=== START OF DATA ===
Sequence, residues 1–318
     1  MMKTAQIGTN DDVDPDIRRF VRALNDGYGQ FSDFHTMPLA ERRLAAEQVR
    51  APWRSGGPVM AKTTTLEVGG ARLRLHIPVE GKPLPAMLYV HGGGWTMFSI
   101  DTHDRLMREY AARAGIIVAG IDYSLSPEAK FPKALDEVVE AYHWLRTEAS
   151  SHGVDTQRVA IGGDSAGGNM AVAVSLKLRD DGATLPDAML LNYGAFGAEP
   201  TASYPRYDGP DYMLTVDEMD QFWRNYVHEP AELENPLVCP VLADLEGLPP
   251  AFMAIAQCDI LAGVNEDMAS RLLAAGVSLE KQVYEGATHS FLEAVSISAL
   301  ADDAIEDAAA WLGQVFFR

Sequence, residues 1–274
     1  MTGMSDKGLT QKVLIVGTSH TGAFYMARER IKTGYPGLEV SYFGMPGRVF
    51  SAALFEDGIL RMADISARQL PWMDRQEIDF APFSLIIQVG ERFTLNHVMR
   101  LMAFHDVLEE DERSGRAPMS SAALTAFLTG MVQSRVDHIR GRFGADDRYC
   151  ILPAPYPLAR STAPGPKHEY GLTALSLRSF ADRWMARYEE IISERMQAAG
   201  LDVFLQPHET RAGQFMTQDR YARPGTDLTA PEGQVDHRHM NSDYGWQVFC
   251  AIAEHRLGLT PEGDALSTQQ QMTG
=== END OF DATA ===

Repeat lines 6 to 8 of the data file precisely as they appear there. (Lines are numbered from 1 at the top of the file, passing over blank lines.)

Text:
   201  TASYPRYDGP DYMLTVDEMD QFWRNYVHEP AELENPLVCP VLADLEGLPP
   251  AFMAIAQCDI LAGVNEDMAS RLLAAGVSLE KQVYEGATHS FLEAVSISAL
   301  ADDAIEDAAA WLGQVFFR